The fact of the matter is that TDD doesn't make perfect code. Continuous delivery doesn't make better code. Agile doesn't make better software. Good people make good software. ...and Bug reports from strangers are gifts.

If your project suffers from quality, you should find like-minded people. You will be more satisfied with the software you will create.

If you have enough experience, decided you want to be better, and continuously deliver on that desire you can create software that doesn't make you sad. Even if it is Minimal Viable Product seeking First Mover Advantage as directed by the business.

:)
Thursday, 12 November 2015 21:30:11 UTC
My biggest pet peeve - developers who preach TDD. Testing is good. But TDD is bad, IMHO.
Dave
Thursday, 12 November 2015 22:53:36 UTC
I remember reading your prior rant and thinking "I'm not alone!". I agreed then and I agree now. We have clearly spent a lot of time considering patterns, practice and process. What isn't quite as clear is how this has improved the end results.

For a science focused so heavily on computation and data we are oddly willing to make lasting decisions based on anecdotal evidence.
Thursday, 12 November 2015 23:52:36 UTC
@Gerry Lowry

Developers need to remember that every five minutes spent coding may generate hours of testing. A bug obvious to the developer may not surface under test.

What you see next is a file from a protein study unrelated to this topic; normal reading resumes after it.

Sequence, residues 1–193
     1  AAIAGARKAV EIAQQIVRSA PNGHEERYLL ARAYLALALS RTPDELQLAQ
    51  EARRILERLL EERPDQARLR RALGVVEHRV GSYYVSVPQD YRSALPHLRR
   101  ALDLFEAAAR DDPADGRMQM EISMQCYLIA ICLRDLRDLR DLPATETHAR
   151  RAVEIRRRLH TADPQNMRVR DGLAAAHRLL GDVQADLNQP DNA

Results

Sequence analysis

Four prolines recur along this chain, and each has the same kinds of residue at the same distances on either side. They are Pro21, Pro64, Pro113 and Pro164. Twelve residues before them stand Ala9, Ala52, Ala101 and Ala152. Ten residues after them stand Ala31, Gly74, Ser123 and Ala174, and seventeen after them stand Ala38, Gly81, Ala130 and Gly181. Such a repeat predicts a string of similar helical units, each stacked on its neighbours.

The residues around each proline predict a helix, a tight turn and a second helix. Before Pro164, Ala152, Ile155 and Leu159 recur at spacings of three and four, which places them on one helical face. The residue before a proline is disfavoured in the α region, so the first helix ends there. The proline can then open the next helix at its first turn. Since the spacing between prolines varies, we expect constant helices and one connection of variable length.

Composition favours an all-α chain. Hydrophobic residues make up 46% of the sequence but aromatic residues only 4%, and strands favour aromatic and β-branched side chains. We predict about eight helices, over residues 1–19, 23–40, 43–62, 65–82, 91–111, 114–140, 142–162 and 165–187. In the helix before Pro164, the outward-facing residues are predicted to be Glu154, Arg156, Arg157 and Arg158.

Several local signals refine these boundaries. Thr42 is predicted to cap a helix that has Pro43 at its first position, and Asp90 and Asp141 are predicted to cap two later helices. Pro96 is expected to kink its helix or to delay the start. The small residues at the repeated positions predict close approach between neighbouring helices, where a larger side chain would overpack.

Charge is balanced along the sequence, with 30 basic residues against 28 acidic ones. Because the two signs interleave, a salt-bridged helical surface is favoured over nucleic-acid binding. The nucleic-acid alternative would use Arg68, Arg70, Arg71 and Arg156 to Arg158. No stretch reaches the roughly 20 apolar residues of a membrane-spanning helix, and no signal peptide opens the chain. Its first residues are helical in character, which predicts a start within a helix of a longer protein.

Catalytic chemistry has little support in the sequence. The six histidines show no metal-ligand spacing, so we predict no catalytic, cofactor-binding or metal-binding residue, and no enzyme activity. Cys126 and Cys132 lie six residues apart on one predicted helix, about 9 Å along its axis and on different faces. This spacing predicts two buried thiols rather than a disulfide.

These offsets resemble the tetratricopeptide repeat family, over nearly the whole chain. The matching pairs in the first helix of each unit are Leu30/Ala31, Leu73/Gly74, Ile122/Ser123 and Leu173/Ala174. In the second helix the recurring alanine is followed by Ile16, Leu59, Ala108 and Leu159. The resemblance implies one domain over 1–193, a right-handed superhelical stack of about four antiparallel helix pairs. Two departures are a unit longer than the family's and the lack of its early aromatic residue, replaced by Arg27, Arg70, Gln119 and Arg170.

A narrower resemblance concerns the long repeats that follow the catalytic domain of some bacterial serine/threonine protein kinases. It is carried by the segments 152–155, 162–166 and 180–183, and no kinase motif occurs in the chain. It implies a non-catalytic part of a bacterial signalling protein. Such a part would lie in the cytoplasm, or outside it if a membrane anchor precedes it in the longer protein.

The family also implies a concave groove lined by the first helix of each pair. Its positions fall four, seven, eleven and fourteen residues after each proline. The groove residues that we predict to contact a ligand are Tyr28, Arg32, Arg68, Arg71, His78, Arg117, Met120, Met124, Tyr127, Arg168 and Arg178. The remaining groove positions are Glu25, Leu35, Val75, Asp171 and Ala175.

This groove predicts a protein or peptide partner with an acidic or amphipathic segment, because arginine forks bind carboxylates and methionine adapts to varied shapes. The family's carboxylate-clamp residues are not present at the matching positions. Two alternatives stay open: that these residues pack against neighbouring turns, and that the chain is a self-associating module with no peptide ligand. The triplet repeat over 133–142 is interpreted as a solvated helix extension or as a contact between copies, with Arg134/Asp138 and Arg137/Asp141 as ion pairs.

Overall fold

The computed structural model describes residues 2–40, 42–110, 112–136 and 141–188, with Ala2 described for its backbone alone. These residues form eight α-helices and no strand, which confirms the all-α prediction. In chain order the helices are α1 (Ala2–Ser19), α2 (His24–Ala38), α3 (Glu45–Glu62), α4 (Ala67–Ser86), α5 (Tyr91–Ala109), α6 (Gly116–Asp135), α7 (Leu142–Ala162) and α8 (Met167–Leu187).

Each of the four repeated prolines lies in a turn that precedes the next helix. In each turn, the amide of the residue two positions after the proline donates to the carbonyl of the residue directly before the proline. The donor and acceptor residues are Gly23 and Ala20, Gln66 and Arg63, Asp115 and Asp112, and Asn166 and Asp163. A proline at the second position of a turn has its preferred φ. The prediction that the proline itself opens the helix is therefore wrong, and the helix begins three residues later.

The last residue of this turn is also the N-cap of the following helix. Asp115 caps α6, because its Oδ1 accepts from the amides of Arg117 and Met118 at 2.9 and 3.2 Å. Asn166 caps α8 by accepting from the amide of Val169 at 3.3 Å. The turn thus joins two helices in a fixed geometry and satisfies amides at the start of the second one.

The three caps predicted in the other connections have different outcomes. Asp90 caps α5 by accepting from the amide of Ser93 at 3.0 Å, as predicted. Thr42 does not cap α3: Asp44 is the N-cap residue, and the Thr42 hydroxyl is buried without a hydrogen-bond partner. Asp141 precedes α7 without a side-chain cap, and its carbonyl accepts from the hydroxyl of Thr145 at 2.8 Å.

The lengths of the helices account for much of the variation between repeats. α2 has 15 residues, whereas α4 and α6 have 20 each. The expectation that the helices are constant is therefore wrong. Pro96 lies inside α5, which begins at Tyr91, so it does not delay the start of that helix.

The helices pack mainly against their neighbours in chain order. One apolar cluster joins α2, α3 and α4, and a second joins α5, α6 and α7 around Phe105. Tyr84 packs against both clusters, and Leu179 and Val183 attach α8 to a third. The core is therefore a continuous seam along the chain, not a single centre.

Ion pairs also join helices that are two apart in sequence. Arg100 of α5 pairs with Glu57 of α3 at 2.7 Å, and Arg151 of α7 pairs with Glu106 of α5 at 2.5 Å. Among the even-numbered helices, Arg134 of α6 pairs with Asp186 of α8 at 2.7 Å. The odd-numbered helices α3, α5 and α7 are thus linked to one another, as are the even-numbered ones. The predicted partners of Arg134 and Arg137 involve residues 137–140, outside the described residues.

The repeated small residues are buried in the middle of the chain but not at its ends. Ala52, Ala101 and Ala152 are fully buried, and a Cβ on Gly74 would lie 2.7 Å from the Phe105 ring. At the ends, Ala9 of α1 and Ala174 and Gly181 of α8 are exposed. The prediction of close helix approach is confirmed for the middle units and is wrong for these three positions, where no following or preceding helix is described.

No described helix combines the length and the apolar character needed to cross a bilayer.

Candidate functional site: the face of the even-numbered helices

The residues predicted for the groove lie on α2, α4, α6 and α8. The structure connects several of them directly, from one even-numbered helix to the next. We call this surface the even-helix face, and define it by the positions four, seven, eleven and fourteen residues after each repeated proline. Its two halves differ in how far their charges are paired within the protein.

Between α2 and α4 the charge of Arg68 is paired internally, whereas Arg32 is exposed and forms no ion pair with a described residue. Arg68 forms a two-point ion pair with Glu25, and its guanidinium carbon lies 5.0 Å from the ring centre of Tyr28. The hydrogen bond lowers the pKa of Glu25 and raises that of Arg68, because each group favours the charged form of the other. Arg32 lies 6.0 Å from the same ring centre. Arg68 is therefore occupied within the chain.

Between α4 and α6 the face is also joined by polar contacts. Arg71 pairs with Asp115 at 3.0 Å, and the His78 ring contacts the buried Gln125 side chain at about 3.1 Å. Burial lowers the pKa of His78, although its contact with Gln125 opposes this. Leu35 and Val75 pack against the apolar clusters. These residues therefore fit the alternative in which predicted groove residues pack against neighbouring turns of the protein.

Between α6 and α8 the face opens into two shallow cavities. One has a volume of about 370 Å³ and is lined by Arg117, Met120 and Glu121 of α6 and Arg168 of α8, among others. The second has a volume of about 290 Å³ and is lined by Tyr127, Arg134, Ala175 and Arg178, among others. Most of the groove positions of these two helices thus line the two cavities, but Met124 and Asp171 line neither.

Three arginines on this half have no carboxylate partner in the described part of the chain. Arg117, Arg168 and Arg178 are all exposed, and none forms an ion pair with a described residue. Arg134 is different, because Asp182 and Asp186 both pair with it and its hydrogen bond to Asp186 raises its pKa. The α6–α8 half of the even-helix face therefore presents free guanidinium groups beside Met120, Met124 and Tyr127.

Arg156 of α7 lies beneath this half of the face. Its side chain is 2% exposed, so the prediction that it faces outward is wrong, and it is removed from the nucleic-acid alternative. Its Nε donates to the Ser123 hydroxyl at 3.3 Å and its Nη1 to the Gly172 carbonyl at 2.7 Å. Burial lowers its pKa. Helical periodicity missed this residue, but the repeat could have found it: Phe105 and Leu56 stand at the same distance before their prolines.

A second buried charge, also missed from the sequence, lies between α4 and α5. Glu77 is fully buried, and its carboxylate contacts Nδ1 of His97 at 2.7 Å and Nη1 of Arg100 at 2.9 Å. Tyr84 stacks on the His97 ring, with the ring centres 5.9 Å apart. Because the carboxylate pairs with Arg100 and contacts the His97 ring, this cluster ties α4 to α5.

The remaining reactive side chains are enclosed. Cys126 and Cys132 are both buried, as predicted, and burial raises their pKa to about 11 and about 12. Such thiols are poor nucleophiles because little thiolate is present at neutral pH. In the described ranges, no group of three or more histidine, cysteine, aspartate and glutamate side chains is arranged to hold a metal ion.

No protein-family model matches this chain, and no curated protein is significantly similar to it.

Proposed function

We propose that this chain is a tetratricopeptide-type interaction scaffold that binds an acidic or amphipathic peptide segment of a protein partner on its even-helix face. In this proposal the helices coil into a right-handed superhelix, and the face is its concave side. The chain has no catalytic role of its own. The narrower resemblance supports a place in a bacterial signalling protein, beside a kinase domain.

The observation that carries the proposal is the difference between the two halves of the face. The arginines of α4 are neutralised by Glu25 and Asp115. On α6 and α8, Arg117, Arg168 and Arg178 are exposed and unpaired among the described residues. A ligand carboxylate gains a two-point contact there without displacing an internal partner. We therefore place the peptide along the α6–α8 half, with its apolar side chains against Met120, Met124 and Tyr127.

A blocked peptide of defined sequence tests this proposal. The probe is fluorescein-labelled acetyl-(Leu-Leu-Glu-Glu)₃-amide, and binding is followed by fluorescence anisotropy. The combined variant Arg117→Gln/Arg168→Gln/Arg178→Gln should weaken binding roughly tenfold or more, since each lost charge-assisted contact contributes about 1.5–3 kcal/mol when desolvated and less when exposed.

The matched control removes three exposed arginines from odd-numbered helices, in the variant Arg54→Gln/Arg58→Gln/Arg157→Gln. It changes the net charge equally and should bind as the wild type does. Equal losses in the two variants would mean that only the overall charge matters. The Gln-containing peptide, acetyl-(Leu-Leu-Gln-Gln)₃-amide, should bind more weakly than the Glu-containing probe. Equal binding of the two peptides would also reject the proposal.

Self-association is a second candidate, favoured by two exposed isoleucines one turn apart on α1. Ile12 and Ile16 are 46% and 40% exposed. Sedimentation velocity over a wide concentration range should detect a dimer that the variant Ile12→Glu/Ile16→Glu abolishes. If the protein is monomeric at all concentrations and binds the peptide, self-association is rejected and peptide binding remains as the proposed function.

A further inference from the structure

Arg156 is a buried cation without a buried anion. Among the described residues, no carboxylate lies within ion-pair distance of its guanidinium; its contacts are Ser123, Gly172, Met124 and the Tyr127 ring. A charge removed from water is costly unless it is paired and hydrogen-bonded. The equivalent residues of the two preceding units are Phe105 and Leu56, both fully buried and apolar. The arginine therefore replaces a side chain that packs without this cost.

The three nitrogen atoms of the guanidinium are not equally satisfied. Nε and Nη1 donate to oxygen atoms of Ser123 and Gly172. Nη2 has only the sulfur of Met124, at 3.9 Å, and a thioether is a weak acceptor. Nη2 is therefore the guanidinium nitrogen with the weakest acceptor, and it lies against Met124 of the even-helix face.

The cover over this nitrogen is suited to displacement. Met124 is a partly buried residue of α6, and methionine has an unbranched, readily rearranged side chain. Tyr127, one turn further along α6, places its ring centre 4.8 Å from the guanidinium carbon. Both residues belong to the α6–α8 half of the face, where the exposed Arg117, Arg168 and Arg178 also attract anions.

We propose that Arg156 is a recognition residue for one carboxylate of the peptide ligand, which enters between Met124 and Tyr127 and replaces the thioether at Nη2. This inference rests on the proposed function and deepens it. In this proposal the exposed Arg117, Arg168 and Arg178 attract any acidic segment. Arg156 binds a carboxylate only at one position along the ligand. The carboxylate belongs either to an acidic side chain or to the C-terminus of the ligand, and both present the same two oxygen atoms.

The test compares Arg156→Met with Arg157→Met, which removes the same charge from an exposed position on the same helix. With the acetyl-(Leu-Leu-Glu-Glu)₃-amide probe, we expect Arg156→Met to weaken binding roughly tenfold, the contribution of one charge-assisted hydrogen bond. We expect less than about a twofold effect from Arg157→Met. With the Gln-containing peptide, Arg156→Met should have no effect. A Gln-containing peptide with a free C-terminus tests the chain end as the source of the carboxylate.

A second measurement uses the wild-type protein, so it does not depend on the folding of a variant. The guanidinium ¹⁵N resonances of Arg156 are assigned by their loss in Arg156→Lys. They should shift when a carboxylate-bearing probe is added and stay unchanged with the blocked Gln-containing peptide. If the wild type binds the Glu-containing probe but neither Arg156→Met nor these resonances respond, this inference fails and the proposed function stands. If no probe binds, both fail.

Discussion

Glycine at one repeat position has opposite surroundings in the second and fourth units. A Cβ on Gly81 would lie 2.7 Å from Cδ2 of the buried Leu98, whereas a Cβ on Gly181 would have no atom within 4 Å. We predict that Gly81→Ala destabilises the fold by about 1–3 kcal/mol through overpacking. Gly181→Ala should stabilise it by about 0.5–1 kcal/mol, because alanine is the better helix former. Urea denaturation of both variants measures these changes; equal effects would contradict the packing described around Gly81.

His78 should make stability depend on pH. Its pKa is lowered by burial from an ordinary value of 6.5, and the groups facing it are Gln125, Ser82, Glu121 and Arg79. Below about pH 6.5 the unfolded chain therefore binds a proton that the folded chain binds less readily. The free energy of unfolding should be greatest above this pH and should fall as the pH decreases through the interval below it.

Sure, everyone in QA can become a developer and deep-dive into the code, but then the developers complain that the testers are "doing too much." (And, of course, the better testers eventually either quit, or get vastly better paying jobs... as developers.)
Anon
Friday, 13 November 2015 00:22:22 UTC
I think our industry requires a watch dog to audit software development practices and report their findings to prospective clients.

Until there's a watchdog to keep software developers professional then this industry will continue to be the Wild West of the economy.

The DotNetRocks show 1214 talks about this culture which makes up the majority of this industry.
Friday, 13 November 2015 01:06:40 UTC
- Agile has 50 percent good ideas and 50 percent sales pitch for training courses, consulting coaches, agile mentors, ...

- Frameworks by the bushel web sites, applications directly cause buggy high support cost and limited lifecycle code bases due to weakest link in the chain syndrome. Consider a large web site with 25+ different javascript libraries

- Vendors unwilling to kill off/end of life development tools and technologies directly causes poor quality by giving many parallel ways to solve a given task & allowing applications to have 3+ different generations of tools/libraries/methodologies/frameworks

- Tool/Library vendors introducing a new big-bang technology every 3 years to sell product, courses, books, certification exams, etc. causes poor quality by multiplying the number of tools/libraries/frameworks in a set of solutions. Consider actually making the development tool/library/framework easier to use, better documented and with actual meaningful exception messages